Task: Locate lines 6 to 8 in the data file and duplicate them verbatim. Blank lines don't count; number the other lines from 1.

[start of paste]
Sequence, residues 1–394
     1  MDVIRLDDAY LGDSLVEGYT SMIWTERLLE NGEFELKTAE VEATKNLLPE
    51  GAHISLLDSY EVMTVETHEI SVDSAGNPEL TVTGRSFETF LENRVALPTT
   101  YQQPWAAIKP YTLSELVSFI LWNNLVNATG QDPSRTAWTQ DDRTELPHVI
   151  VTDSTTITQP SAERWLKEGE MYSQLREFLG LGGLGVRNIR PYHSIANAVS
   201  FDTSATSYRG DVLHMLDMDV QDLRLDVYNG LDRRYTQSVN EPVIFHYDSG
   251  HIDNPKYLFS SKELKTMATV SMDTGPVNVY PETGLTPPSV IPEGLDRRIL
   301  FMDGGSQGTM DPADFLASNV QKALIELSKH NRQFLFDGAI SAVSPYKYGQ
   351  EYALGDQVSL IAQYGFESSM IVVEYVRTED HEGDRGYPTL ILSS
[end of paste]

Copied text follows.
   201  FDTSATSYRG DVLHMLDMDV QDLRLDVYNG LDRRYTQSVN EPVIFHYDSG
   251  HIDNPKYLFS SKELKTMATV SMDTGPVNVY PETGLTPPSV IPEGLDRRIL
   301  FMDGGSQGTM DPADFLASNV QKALIELSKH NRQFLFDGAI SAVSPYKYGQ